He figured he’d be Better Off Dead. The Minnesota Court of Appeals didn’t think so.
In an unpublished Dec. 30 ruling, the appeals court ruled that a District Court made no error in denying sex offender Hollis John Larson’s bid to change his name to “Better Off Dead.”
Larson, civilly committed to Minnesota’s Sex Offender Program since 2008, contended that the new name would better accord with his professed religion—a heady, Unitarian-style mixture of Hinduism, Taoism, Buddhism and agnosticism.
Larson also contended that, as Mr. Dead, he would be better able to declare his personal philosophy and exercise his freedom of speech, according to the ruling. Anoka County, the jurisdiction that prosecuted him as a sex offender, objected. It contended the change might compromise public safety.
The Carlton County District Court denied Larson’s request on Dec. 19, 2018, ruling that he failed to show that refusing the name change violated his constitutional rights. The District Court also ruled that Larson’s chosen moniker would be misleading and confusing.
The Court of Appeals agreed. “Better Off Dead,” Court of Appeals Judge Peter M. Reyes, Jr., wrote for the unanimous panel, is an “idiom” that contains no pronouns. That makes it “an inherently misleading name.”
“We can infer from the district court’s order that it agreed that granting appellant’s name change would burden public safety, and it did not find appellant credible,” Reyes wrote. “We defer to the district court’s determinations of credibility.”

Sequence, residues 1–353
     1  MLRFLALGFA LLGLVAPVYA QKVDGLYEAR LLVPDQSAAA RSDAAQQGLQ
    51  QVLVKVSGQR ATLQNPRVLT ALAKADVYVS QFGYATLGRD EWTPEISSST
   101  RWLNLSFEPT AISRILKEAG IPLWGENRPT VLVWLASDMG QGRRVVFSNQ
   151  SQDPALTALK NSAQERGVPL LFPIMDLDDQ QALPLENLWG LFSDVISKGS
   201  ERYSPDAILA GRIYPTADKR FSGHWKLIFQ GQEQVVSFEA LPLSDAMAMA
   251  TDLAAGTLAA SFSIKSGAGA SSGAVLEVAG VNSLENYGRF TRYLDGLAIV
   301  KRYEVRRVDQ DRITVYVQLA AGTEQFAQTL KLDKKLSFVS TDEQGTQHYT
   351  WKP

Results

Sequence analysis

Nor were Reyes and fellow appellate judges Michelle A. Larkin and Randall J. Slieter swayed by Larson’s religious argument. Larson argued that, under his religion, there is no other way to “achieve reconciliation with the divine” except by escaping “the cycles of birth, life, death and rebirth by being and remaining dead.”
“Hence,” Reyes notes, “the name ‘Better Off Dead.’”
The District Court found that expression connects to no particular faith or belief, and the Court of Appeals found no reason to disagree. “We infer from the court’s conclusion that it did not find appellant credible and as a result did not believe he sincerely held his belief,” Reyes wrote. “We defer to this credibility determination.”
All of Larson’s other arguments—including his insistence that the District Court conceded his constitutional infringement claim by allowing his case to proceed in forma pauperis—were also shot down in turn.
So it would appear that Mr. Dead must sally forth in land of the living.